Who Should Hybrid Home-school? - EdChoice

Who Should Hybrid Home-school?

We present four profiles of potential hybrid home-schoolers.

 

In Geoffrey Moore’s Crossing the Chasm, he recommends that purveyors of new technologies create libraries of “customer characterizations,” profiles of potential users of their technology. Who might use our product? How might they use it? What problems do they need to have solved?

Moore recommends that these profiles get specific and concrete to help developers and marketers get a real sense of who their audience is and should be.

It’s an interesting thought experiment to create profiles for potential children and families who could be drawn to hybrid home schooling. Based on my interviews with hybrid home-schoolers, I can posit a few. Schools would be wise to recognize the opportunity here and try to meet these folks’ needs.

1. The Underestimated Child of Color

Many parents of Black, Hispanic, and Asian children believe that schools do not recognize or respect their child’s potential. They are not crazy to think this. They also want to pass down their culture and traditions, and traditional public schools (and even many private schools) are not always interested in helping. These reasons, and more, have been driving more and more minority families to home-school.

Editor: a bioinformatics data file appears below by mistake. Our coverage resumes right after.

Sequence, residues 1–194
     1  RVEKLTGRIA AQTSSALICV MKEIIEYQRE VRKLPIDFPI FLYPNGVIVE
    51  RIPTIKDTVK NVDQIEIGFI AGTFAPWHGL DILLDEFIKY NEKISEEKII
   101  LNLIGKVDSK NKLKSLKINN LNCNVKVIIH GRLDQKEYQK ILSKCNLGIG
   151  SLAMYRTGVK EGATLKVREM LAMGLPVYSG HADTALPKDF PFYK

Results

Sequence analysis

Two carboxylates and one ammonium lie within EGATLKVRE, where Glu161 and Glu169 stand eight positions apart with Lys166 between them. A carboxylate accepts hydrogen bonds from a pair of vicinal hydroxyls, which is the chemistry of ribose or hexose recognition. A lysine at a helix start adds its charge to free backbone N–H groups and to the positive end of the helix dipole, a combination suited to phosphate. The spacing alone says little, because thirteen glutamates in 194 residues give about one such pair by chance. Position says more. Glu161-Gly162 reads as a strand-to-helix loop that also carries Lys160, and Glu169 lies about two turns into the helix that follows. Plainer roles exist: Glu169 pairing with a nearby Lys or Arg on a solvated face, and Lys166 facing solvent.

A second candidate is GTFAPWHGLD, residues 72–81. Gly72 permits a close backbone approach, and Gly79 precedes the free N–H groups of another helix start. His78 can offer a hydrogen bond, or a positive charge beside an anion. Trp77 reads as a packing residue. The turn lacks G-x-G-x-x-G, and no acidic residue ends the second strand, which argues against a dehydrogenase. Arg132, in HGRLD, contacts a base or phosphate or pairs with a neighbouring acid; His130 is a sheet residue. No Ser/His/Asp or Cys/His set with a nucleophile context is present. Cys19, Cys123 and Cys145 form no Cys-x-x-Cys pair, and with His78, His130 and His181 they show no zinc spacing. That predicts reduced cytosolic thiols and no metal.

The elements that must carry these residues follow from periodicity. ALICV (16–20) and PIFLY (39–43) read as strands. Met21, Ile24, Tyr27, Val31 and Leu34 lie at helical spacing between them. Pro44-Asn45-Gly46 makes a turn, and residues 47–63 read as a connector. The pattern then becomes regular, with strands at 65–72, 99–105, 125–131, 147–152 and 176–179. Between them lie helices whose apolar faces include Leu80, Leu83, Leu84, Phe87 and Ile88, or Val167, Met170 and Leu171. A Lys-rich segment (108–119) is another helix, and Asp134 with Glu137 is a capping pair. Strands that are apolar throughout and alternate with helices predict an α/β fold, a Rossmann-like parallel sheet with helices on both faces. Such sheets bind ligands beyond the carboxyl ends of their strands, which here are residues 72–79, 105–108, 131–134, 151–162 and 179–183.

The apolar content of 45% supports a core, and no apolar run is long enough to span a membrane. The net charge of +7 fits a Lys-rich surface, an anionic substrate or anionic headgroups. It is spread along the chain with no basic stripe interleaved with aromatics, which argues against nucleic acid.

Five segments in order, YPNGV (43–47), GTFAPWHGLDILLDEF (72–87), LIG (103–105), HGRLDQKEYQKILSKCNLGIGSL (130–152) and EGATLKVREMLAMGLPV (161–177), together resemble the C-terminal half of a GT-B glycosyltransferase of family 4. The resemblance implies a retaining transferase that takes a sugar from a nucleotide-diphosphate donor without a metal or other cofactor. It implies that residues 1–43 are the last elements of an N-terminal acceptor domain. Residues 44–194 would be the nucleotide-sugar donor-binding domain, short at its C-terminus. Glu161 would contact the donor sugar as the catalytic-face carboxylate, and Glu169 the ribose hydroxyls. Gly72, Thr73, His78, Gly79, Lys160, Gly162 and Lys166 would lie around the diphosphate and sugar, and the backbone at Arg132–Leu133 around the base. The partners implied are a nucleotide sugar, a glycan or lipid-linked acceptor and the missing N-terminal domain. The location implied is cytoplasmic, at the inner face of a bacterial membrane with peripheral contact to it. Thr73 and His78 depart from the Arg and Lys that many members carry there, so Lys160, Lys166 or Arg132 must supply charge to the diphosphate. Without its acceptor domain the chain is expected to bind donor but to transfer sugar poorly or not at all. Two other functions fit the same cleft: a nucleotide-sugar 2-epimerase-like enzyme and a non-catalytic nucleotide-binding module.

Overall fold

Unfortunately, many families are unable to home-school, either because parents are not confident in their ability to teach their children the academic content they need to learn or because they are not able to devote themselves full-time to home schooling.

Hybrid home schooling presents a solution to a very clear pain point for these families. It is parent-directed, so they can make sure that their child feels affirmed and can pass down the values, culture, and tradition that they want to. But it is not entirely on their shoulders. For a relatively low-cost (or free, if the option is public) they can collaborate with educators to fill the gaps in their skills or confidence. Their child can have both an affirming and academically rigorous education.

2. The Urban Christian

American culture is secularizing. Schools sit downstream from this cultural phenomenon and are increasingly promoting ideas about gender, sexuality, and right and wrong that are at odds with orthodox Christian teachings. These forces are most at play in America’s cities, which tend to be ahead of the curve in promoting progressive values.